Thai government sterilises monkeys left starving during coronavirus lockdown after terrorising city

Yahoo News UK
Two monkeys are seen sedated as veterinarians carry out an operation. (Reuters)
Two monkeys are seen sedated as veterinarians carry out an operation. (Reuters)

Thailand is sterilising hundreds of monkeys because coronavirus has left them starving and caused them to act aggressively towards local residents.

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Lopburi province is a region famous for its 2,000-strong macaque population, which draws in thousands of visitors every year.

Tourists generally feed the monkeys and take selfies with them, but since the country went into lockdown in early April the primates have found themselves starved of food.

“They're so used to having tourists feed them and the city provides no space for them to fend for themselves,” said Supakarn Kaewchot, a government veterinarian.

A monkey receives anaesthesia before being brought in for sterilisation. (Reuters)
A monkey receives anaesthesia before being brought in for sterilisation. (Reuters)
A veterinarian shaves a monkey's chest before a sterilisation procedure. (Reuters)
A veterinarian shaves a monkey's chest before a sterilisation procedure. (Reuters)

“With the tourists gone, they've been more aggressive, fighting humans for food to survive,” she told Reuters.

“They're invading buildings and forcing locals to flee their homes.”

Locals have also noticed the dramatic effect the lack of tourism has had on the monkeys.

“It’s the summer, so usually we see a lot of tourists, but now because of the outbreak there’s so few that the markets are very quiet,” local resident Sasaluk Rattanacha said.

Monkeys being tattooed following operations. (Reuters)
Monkeys being tattooed following operations. (Reuters)
Monkeys are sedated as they recover. (Reuters)
Monkeys are sedated as they recover. (Reuters)

“Not enough tourists come to leave food for the monkeys at Prang Sam Yod [temple].”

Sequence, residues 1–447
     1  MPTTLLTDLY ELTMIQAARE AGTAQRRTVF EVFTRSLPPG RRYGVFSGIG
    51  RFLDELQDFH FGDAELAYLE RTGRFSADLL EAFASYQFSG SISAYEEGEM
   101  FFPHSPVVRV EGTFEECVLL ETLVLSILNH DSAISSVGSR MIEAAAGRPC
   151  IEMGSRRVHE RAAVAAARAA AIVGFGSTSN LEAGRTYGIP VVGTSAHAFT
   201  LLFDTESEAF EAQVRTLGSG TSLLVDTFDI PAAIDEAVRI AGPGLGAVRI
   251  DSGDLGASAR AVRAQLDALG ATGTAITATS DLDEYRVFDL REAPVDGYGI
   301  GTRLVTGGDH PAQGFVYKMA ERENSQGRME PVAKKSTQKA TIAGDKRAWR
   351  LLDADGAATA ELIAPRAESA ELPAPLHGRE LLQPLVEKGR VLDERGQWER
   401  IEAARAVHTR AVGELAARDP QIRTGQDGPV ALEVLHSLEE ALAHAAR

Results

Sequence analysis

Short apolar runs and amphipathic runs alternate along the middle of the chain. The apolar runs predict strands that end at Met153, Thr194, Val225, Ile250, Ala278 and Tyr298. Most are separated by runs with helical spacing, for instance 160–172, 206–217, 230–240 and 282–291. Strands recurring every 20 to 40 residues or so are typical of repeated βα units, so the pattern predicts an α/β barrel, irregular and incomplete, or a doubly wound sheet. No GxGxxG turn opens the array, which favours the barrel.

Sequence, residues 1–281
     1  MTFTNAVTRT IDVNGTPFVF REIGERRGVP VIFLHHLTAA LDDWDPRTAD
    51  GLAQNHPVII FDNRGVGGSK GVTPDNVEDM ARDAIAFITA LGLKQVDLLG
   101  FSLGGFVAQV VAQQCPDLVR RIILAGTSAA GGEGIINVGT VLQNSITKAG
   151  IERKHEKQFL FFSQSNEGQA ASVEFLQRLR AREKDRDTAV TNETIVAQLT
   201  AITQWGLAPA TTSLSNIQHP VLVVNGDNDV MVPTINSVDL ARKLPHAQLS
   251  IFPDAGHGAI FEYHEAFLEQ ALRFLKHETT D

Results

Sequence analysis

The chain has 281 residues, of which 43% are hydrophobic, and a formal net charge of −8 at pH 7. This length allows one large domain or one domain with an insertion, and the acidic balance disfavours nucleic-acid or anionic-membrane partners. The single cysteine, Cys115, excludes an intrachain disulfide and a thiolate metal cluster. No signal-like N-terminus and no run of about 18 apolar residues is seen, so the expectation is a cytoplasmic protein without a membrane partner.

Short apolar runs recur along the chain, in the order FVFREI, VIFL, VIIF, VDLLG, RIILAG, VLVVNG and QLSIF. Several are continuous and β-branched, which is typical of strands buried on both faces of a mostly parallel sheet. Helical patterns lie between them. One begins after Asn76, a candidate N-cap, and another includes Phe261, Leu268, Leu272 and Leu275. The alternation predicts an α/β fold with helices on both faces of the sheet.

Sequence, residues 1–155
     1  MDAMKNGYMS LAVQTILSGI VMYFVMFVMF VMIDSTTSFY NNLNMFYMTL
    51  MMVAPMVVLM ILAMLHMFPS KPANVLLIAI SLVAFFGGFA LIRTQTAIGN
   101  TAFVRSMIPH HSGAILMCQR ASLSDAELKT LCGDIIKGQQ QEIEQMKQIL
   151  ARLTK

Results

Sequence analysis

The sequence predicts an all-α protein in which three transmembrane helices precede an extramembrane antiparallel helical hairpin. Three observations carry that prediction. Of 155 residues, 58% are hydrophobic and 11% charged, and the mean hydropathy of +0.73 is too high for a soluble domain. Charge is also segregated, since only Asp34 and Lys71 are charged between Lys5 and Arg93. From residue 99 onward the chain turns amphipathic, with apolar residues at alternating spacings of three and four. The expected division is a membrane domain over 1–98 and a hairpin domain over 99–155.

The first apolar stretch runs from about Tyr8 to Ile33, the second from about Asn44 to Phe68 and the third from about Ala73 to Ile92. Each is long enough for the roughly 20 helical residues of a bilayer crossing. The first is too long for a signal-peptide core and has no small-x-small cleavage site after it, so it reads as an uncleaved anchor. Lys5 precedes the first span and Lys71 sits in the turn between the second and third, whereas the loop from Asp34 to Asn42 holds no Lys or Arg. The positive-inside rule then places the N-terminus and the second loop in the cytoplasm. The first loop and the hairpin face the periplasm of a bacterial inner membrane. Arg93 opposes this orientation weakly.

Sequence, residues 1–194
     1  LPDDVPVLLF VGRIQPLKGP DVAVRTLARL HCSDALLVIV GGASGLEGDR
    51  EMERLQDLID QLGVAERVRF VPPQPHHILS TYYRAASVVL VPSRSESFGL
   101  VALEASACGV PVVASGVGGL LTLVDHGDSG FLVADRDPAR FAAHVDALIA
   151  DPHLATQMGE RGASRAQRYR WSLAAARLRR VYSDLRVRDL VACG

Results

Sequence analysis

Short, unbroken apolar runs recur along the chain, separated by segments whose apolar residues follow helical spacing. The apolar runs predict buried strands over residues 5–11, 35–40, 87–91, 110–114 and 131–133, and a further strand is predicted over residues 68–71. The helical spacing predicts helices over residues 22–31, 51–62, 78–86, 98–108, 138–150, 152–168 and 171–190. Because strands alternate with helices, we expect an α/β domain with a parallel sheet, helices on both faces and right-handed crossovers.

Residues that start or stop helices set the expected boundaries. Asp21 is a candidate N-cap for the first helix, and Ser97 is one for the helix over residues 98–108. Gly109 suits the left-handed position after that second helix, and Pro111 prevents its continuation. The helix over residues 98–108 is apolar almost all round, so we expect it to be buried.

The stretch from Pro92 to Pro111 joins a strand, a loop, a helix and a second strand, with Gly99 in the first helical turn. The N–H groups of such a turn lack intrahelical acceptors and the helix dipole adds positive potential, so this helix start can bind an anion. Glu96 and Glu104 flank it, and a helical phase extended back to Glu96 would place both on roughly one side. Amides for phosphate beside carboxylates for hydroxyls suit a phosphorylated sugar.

Since the monkeys no longer live in a wild environment, they are not used to hunting for food and have not adapted well to the problems caused by the pandemic.

To stop them causing trouble, authorities have placed big cages around the city with tantalising fruits in them, hoping to lure around 300 monkeys for sterilisation.

Monkeys which are caught are sedated, shaved and tattooed with a unique reference number under their arms.


A pair of monkeys recovering before being released into the wild. (Reuters)
A pair of monkeys recovering before being released into the wild. (Reuters)
Monkeys spend the night in a veterinary practice recovering. (Reuters)
Monkeys spend the night in a veterinary practice recovering. (Reuters)

They are then taken back to their tribe after being given a night to recover from the operation.

The region’s authorities say they are hoping to sterilise 500 of the macaques over the next two months.

Supakarn said the sterilisation would pose no threat to the monkey population and the aim was just to slow down the rate of its urban growth.

“We're not doing this in the wild, only in the city areas,” she added.

Thailand has so far recorded just over 3,000 coronavirus cases and 58 deaths in total.

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